Interviews for positions such as Quantitative Researcher, Quantitative Analyst and Quantitative Developer are known to be fiendishly difficult and typically entail tough questions around probability, statistics, algorithms and mental maths. Occasionally, they may throw in a random brainteaser to catch you out! So what do these questions look like?
What is the sum of the numbers 1 to 10000?
Is 294801 a prime number?
What is the square root of 1000 to 4 d.p.?
How many times do you need to roll a die to get 3 even numbers in a row?
A bag contains N socks, some of which are blue, and some of which are green. If two random socks are picked, the probability that they are both blue is 1/2. What is the smallest possible value of N for which this is possible?
What is 17.5% of 354?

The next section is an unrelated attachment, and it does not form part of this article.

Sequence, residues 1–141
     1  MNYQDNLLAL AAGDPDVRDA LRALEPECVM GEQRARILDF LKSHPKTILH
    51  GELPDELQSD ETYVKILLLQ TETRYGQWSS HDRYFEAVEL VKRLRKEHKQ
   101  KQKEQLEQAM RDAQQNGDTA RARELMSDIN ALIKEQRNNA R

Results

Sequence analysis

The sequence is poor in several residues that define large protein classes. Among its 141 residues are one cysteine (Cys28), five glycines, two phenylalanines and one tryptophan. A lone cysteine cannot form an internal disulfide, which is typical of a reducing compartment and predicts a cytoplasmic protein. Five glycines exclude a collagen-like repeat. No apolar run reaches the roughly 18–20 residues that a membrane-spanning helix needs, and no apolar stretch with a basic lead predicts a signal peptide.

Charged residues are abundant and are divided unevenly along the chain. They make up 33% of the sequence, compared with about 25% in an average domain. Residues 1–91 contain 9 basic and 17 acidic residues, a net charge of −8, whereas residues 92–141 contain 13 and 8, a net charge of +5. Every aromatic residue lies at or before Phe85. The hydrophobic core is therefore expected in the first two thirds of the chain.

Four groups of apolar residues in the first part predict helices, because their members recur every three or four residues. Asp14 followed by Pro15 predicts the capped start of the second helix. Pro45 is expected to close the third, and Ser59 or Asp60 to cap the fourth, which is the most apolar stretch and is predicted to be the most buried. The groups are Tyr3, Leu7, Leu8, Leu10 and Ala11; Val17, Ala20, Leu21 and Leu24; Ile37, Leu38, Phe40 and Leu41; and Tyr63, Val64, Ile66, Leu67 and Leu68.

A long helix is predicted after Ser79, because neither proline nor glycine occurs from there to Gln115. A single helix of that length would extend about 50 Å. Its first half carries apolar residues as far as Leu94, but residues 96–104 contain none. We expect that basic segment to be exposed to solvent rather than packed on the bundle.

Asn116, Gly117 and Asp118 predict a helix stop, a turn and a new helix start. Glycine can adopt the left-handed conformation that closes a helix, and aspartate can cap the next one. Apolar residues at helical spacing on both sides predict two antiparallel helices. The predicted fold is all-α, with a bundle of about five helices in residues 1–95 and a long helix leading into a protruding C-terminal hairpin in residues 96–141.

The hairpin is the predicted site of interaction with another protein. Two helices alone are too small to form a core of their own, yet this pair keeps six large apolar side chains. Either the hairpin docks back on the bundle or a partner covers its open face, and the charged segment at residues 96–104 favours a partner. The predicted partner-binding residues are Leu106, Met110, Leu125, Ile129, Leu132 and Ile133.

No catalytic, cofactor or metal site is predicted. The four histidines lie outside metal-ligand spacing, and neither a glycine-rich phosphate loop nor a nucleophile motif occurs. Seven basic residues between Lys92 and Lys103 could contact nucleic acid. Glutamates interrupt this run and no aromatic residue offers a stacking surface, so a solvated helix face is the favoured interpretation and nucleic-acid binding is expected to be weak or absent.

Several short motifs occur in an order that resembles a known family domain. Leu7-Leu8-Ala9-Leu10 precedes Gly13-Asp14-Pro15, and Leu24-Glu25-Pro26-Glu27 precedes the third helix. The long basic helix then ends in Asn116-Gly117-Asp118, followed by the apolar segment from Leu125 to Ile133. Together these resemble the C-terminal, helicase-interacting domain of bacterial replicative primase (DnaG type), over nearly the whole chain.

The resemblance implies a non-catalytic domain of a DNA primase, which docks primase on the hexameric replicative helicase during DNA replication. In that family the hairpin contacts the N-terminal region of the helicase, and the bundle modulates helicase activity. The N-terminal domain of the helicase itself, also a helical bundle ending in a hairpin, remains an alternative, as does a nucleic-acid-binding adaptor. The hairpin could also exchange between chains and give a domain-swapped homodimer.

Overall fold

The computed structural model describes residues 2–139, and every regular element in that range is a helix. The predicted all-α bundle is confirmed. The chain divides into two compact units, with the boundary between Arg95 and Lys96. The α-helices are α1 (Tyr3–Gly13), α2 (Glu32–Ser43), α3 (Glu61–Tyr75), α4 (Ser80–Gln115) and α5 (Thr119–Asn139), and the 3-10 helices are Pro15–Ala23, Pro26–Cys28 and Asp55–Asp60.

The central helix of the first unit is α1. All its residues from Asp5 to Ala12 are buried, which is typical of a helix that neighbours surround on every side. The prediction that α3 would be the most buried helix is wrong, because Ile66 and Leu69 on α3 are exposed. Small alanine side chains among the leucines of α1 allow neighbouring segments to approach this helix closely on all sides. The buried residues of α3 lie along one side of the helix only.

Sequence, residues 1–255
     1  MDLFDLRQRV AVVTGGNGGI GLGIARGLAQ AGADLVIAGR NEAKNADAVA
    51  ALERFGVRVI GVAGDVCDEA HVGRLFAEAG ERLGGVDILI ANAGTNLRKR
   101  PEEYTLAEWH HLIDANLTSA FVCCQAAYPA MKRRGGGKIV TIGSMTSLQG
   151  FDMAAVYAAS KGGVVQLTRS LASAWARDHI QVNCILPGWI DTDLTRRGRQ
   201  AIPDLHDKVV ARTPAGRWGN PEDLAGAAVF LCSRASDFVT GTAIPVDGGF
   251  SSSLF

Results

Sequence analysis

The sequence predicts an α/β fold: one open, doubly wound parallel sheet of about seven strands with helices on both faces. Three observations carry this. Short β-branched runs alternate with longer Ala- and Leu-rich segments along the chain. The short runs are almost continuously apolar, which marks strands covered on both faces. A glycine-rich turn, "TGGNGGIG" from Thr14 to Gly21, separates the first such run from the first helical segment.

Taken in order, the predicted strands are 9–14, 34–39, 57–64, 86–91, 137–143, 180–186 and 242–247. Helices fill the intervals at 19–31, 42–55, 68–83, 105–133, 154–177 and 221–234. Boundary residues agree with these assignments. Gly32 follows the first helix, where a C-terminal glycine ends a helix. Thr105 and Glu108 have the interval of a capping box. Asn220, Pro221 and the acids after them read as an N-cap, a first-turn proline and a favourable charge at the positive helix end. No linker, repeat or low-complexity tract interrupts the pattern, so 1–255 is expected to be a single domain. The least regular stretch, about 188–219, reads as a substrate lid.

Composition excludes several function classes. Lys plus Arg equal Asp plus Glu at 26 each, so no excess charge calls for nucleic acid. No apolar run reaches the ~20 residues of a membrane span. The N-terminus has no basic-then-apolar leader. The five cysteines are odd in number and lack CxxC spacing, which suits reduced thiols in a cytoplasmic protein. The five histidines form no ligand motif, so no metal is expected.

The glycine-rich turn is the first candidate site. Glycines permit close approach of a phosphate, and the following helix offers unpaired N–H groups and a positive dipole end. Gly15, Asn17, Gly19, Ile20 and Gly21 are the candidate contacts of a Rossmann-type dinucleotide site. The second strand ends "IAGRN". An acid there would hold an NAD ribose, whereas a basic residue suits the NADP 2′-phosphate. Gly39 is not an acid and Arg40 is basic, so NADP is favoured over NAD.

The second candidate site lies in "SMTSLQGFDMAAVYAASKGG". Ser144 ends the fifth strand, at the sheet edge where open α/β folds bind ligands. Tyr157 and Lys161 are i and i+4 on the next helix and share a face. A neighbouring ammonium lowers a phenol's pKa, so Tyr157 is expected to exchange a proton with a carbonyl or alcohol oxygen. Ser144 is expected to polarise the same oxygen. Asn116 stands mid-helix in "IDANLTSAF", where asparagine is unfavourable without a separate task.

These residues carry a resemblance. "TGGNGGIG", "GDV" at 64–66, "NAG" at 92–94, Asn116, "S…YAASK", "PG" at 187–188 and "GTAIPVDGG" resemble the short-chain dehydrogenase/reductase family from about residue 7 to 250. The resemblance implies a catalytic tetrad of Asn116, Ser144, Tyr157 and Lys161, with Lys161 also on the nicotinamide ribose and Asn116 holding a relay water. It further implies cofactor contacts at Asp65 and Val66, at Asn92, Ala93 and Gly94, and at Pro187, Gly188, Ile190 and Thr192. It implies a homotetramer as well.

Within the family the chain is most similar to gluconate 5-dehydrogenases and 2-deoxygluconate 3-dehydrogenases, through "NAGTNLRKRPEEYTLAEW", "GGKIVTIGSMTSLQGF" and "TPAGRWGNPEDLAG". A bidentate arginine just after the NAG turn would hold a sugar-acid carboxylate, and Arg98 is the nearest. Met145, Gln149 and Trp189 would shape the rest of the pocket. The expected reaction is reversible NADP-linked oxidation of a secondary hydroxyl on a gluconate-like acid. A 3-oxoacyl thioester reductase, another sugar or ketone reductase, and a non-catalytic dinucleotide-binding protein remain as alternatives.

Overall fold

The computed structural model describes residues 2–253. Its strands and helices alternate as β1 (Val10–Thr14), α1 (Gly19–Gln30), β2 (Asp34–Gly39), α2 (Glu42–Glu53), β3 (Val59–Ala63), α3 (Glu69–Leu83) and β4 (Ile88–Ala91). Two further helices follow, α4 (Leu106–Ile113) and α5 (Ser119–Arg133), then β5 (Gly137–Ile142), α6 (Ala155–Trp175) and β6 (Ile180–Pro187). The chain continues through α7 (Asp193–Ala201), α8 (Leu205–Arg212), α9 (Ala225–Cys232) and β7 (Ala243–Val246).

You have 1000 bottles of water, one of which is poisoned. You can test the water and try to figure out which bottle is poisoned. Unfortunately, since the poison takes 24 hours to activate in the test, and you only have 24 hours to figure out which bottle is poisoned, you must choose which bottles to test right now. How many tests do you have to use to figure out which bottle of water is poisoned?
If I throw three darts at a dartboard, what is the probability that they all land in the same half of the board?
How many times do you need to flip a coin to get HTH consecutively?
There are 14 identical-looking balls. 13 of them have the same weight while one of them is heavier than the rest. What is the minimum times you can weigh to identify the heaviest ball? How do you generalise for N balls?
Let’s say random variable X is distributed as N(a, b) and random variable Y is distributed as N(c, d). What is the distribution of X*Y?